Whenever we get this kind of intelligence, we regularly share that with our homeland security advisers in every state so they have the same information we have, ... But whenever it is nonspecific, that means it is difficult to mount an operational response. And so we share the information -- we don't raise the threat level.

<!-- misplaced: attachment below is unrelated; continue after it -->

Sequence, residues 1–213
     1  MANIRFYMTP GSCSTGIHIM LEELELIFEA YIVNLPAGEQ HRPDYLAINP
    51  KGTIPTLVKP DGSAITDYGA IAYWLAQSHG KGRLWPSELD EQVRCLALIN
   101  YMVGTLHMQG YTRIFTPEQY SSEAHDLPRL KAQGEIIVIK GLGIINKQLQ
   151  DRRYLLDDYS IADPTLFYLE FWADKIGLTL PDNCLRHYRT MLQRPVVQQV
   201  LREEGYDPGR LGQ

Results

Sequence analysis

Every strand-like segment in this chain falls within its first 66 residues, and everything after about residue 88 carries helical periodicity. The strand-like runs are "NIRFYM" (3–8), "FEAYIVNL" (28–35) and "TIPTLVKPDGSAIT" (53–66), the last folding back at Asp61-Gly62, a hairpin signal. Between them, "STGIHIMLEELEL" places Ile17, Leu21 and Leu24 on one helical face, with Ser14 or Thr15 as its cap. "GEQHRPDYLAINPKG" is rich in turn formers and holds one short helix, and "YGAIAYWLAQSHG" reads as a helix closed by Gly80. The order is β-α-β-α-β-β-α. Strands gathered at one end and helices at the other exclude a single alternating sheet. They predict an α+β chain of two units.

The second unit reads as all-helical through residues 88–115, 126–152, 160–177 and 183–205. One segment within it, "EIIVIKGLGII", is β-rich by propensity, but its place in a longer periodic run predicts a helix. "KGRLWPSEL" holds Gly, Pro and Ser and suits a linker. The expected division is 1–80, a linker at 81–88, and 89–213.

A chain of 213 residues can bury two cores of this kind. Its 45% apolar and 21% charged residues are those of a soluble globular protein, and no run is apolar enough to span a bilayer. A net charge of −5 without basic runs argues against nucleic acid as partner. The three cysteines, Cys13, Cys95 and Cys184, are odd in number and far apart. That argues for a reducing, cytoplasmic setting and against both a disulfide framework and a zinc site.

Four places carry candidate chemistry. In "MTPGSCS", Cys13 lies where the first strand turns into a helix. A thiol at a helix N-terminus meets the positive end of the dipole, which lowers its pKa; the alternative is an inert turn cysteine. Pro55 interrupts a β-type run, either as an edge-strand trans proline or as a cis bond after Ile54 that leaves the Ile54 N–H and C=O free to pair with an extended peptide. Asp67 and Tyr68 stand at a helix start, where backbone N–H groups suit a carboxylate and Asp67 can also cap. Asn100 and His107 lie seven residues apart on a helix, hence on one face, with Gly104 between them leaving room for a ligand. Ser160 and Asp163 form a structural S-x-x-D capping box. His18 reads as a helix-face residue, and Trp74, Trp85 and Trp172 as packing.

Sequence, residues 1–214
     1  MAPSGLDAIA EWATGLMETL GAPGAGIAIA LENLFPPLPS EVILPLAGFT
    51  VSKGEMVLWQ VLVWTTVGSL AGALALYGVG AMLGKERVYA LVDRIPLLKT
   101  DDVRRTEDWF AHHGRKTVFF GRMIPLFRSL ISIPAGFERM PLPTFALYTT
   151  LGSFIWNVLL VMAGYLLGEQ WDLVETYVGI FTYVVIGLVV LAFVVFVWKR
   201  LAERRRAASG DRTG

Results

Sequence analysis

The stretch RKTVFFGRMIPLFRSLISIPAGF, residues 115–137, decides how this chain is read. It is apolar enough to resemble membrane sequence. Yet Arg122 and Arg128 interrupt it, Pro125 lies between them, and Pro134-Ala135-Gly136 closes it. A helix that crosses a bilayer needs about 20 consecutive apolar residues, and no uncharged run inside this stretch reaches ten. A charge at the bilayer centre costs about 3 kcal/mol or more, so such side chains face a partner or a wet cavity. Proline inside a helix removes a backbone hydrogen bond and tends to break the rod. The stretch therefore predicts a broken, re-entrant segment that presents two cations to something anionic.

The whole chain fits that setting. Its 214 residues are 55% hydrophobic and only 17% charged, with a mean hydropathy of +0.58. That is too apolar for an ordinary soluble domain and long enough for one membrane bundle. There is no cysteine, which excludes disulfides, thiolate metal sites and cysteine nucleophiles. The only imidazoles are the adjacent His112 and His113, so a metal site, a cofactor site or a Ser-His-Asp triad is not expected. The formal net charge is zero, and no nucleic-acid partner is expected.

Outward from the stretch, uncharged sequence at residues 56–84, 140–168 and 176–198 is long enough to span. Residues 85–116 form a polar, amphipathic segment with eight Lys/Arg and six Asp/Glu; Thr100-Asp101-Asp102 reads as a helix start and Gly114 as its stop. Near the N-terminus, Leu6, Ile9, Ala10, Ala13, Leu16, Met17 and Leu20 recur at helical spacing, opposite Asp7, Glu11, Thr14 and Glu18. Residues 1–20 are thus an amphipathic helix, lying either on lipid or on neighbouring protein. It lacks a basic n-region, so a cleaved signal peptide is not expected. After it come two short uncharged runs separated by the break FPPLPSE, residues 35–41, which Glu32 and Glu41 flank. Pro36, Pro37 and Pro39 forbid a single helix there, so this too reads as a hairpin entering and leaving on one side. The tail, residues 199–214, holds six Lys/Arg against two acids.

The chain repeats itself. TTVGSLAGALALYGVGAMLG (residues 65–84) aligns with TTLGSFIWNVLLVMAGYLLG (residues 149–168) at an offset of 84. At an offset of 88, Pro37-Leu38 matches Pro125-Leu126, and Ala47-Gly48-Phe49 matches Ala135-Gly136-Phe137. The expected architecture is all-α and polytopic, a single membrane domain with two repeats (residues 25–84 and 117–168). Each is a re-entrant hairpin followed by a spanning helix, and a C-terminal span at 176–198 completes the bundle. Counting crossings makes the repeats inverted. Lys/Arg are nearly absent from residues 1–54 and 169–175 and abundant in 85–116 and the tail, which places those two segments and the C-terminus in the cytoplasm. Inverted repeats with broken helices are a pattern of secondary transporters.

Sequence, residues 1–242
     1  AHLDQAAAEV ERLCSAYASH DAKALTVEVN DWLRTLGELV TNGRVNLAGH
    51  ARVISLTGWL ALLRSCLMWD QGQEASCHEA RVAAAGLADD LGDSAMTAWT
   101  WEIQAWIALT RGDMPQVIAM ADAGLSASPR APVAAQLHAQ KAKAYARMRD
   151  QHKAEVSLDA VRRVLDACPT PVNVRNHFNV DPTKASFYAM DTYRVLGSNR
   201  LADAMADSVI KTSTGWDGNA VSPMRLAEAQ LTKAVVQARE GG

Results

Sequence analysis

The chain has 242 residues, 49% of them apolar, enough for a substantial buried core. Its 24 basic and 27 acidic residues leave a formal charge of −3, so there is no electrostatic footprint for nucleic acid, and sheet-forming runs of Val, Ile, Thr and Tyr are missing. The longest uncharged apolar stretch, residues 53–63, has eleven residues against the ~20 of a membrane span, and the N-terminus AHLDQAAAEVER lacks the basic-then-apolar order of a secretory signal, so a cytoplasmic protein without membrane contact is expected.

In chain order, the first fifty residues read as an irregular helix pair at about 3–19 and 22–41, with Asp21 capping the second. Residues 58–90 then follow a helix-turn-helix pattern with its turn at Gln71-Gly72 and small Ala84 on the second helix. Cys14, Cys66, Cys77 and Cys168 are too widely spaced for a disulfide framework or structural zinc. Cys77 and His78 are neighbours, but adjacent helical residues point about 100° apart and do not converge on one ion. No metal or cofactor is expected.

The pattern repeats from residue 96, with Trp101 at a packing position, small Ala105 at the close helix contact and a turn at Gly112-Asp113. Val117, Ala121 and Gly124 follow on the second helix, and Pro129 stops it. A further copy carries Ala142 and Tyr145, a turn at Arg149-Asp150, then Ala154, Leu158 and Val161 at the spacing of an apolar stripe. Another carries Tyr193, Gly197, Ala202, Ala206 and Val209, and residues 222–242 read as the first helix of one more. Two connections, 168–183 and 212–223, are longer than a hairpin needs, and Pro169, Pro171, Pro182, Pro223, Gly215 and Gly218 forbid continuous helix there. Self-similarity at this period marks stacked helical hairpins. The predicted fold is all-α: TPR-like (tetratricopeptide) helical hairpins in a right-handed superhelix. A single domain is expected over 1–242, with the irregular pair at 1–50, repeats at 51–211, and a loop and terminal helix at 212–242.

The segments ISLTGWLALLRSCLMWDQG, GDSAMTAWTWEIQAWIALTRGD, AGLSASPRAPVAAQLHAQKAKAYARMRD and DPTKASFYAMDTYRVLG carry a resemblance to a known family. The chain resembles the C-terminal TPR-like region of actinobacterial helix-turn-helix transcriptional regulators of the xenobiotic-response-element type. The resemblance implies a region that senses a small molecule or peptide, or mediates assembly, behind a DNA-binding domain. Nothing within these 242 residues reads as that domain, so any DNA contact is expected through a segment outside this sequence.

Well, Secretary Ridge would have to speak for himself, but from my experience, you had someone who's got a history in law enforcement just looking at it from the standpoint, 'My goodness, we got intelligence here, we've got to raise the threat level.' But the Homeland Security has to consider, first of all, 'How does the public react to this? Does it measure up to the standards of credibility? Is it something that we can act upon with an appropriate response?' And, quite frankly, sometimes we realized the public couldn't do anything or law enforcement couldn't do anything. There was a push back saying, 'I don't know that we need to create the fear in the American public.' And, in fact, as you can see, as we got more experienced, the number of times we increased the threat level decreased in '04 as compared to '03. I believe it was four times or three times in '03. We reduced that by half in '04. And I think that's just experience getting better at it.